• Give support and information. Reassure the person that you are there to help and support them. Assure them that help is available and things can get better.
  • Try to find out what type of assistance they need. Ask who or what will help them. If possible, offer them choices as to how you can help them. Do not make any promises you cannot keep.
  • Encourage supports from family and friends. Offer to contact family or friends if required. Offer to stay with them until support arrives.
  • Encourage professional support, whether on campus or their own medical practitioner. Assist with making appointments if needed. See the resources page for what is available.

The UWA Counselling website provides guidance on how to help students who you may be concerned about.

Managers should consult the specific guidance provided on how to support employees.   

On campus training is also available for staff and students to provide details of the signs and symptoms of, and management strategies for, common mental health issues, as well as guidance on how to assist someone showing signs or symptoms.

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Key points to note

  • Not all people with mental illness will experience symptoms or functional impacts which are obvious to others. 
  • Not all employees will want to disclose their mental health issues or illness in the workplace. 
  • Not all employees with mental illness will require workplace adjustments.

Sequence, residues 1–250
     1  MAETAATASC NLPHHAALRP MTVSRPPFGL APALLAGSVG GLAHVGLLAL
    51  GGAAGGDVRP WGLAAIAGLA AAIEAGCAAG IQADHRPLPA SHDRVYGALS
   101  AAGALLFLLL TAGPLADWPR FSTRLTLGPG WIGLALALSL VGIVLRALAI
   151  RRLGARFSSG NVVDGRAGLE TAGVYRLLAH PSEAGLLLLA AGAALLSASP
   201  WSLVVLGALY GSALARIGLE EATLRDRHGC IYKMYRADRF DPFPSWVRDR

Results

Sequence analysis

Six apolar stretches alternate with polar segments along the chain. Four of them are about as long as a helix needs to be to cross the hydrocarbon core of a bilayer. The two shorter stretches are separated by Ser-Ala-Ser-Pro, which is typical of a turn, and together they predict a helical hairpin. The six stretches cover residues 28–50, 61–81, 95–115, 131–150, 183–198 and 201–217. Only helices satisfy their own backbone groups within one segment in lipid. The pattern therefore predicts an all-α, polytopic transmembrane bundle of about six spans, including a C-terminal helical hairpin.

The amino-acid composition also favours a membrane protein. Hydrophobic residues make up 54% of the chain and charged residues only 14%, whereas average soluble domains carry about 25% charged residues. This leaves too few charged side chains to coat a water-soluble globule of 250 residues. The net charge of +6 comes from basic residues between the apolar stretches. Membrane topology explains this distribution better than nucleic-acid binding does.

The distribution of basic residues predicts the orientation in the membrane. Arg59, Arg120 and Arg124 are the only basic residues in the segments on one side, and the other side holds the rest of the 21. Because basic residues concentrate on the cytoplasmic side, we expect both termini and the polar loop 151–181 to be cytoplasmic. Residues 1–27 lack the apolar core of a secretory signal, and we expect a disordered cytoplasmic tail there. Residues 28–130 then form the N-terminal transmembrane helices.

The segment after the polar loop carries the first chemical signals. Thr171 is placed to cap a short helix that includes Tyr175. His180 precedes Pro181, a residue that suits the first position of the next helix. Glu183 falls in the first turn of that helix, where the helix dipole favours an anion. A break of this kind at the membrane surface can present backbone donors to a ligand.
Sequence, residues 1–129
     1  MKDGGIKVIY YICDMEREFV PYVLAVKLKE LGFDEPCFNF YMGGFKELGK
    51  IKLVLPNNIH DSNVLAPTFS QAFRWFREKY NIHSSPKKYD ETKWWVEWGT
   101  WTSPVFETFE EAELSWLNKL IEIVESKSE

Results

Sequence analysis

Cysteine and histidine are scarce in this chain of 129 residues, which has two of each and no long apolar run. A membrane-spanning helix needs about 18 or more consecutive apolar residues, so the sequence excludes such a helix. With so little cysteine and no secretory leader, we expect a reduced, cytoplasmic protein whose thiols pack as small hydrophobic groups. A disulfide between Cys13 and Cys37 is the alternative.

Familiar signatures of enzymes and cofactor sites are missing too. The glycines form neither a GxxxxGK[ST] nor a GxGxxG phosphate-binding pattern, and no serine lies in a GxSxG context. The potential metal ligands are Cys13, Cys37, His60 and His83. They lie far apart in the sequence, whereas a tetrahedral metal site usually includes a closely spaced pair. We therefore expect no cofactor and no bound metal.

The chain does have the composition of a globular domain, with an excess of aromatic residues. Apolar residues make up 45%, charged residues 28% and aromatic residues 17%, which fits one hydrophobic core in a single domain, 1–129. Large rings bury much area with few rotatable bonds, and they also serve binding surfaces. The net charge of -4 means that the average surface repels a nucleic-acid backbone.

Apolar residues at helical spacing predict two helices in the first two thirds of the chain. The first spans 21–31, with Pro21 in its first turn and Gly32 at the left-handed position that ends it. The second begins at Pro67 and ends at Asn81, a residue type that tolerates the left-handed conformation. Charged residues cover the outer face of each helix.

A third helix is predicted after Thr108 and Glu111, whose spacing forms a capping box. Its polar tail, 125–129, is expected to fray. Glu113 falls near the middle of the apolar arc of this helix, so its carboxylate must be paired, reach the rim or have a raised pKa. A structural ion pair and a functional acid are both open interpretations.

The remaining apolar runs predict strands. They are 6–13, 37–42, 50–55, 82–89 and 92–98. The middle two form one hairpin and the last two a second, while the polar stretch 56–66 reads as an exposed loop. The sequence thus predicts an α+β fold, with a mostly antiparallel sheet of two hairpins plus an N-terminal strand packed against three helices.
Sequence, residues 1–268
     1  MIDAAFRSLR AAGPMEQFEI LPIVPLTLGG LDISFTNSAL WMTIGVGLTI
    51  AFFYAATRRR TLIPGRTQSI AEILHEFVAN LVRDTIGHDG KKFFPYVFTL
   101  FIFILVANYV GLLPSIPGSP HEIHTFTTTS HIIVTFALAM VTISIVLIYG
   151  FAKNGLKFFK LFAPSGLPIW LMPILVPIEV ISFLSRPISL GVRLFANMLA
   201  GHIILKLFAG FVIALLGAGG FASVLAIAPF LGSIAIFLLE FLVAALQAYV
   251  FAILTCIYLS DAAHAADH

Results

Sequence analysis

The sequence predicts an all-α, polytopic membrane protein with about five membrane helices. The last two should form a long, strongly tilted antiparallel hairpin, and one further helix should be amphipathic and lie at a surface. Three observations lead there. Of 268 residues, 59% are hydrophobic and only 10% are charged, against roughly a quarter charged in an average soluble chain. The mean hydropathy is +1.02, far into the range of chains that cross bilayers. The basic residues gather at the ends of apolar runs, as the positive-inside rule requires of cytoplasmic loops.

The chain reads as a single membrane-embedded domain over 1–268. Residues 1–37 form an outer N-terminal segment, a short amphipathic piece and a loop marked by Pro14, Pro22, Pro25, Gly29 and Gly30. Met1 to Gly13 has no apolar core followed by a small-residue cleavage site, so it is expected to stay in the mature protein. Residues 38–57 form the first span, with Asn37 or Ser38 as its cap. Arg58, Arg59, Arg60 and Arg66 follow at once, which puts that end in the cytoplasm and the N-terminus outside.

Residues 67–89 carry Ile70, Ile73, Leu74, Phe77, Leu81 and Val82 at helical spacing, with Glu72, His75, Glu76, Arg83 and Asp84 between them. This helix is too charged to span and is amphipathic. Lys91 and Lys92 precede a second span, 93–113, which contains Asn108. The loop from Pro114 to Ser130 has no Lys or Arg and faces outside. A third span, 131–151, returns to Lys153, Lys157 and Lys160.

• A person’s illness may fluctuate in terms of symptoms and functional impacts, and as such workplace responses need to be flexible as well.
  • Employees with mental illness do not always require time off work to recover. Many can continue to work very well while recovering.
  • The types of treatment that a person chooses for their mental illness is just as individual as the illness itself. Respect people’s right to self-determination.
  • A mental illness is not an intellectual disability.
  • Mental illness is common in our community and as such you will likely have some employees with mental health problems without ever knowing it. 
  • Stigma and misunderstanding of mental illness is still common in our community and can make people reluctant to disclose their experiences and to seek help. Fostering an environment of respect where mental health is spoken of in preventative and responsive occupational safety and health terms, just as physical health is, can assist with this.